Swift Quick Tip - Struct Memberwise Initializers are Internal Only

Swift Quick Tip - Struct Memberwise Initializers are Internal Only
Photo by Maxwell Nelson / Unsplash

A struct is a powerful building block in a Swift developer's tool belt. These simple pass by value Swift objects have 1 powerful and time saving feature over their class counterparts and that is the fact that the Swift compiler automatically generates an init method for you.

struct MyStruct {
   var myStringVar: String
   var myIntVar: Int
}

struct MySecondStruct {
   func myFunc() {
      let myStruct = MyStruct(myStringVar: "myString", myIntVar: 0)
      // do something with myStruct here
   }
}

In the above code, the Swift compiler automatically created the initializer for MyStruct. But what happens when MyStruct is inside of a Swift package and not inside your app's target? Let's find out. The following code is defined inside of a Swift package that is imported into your app via SPM.

public struct MyStruct {
   public var myStringVar: String
   public var myIntVar: Int
}

As you can see, this version of MyStruct has marked itself and all of its properties as public so that they are visible so code outside of the package. So, what happens when we try to initialize this struct from our app? The compile throws this error at you, 'MyStruct' initializer is inaccessible due to 'internal' protection level.

MyStruct initializer is inaccessible due to 'internal' protection level

Well, isn't this super annoying?! I love Swift and its compiler is amazing. But why does it have to do this? Anyway, the solution is easy enough. Your first option is to only initialize the struct internally inside of your package. This will allow you to take advantage of the free init provided by the compiler. If this isn't an option for you then you'll have to implement the init method yourself.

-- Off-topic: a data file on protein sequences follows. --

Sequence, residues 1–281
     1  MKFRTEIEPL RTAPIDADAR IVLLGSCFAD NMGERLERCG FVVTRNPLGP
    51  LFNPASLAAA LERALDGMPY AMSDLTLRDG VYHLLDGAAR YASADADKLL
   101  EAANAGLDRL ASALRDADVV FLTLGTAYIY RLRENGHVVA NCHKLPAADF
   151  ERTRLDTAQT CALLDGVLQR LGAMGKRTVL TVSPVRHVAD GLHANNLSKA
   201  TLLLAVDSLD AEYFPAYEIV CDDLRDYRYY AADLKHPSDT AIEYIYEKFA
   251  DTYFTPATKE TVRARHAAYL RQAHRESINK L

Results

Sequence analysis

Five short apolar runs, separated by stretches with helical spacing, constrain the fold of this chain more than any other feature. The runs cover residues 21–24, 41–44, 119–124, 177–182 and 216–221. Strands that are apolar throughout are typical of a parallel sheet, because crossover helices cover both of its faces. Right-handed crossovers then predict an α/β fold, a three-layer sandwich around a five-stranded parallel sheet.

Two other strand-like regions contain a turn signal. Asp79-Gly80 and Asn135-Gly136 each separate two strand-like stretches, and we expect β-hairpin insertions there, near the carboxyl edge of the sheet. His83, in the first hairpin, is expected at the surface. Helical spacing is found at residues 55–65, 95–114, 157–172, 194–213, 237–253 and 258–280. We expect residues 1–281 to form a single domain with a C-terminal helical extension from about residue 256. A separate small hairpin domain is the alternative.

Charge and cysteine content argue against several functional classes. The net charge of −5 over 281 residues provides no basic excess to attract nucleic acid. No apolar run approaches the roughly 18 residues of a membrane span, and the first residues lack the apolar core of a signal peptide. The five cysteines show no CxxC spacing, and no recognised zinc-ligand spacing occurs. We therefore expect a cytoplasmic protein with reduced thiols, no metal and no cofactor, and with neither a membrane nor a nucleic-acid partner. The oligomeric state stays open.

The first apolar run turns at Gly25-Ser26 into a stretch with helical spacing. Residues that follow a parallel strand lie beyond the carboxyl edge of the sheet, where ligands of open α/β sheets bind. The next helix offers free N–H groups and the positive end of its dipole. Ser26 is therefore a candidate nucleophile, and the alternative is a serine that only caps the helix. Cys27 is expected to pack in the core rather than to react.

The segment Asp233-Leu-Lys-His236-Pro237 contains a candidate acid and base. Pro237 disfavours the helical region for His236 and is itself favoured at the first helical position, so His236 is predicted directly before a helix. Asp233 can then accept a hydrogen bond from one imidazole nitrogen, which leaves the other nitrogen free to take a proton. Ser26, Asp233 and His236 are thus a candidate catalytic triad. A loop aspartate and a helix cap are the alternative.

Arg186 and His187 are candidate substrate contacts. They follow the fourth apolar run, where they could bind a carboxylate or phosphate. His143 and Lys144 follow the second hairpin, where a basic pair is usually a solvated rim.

public struct MyStruct {
   public var myStringVar: String
   public var myIntVar: Int
   
   public init(myStringVar: String, myIntVar: Int) {
      self.myStringVar = myStringVar
      self.myIntVar = myIntVar
}

This is a small and easy example, but what if you have a lot of properties inside your struct? Simple, let Xcode generate the init code for you. To do this, "right click" on your struct's name to bring up a menu of options. Select Refactor and then Generate Memberwise Initializer.

Generate Memberwise Initializer menu

This will generate the following code,

public struct MyStruct {
    internal init(myStringVar: String, myIntVar: Int) {
        self.myStringVar = myStringVar
        self.myIntVar = myIntVar
    }
    
    public var myStringVar: String
    public var myIntVar: Int
}

First thing you will need to do is change the Access control level. To do this delete the internal access level and change it to public. Now the compiler warning will be gone and you can move on.

If you want to keep the "free" init provided by the compiler while also exposing a public initializer you can accomplish this by throwing the public init inside of an extension of your struct.

public struct MyStruct {    
    public var myStringVar: String
    public var myIntVar: Int
}

extension MyStruct {
   public init(myStringVar: String, myIntVar: Int) {
        self.myStringVar = myStringVar
        self.myIntVar = myIntVar
    }
}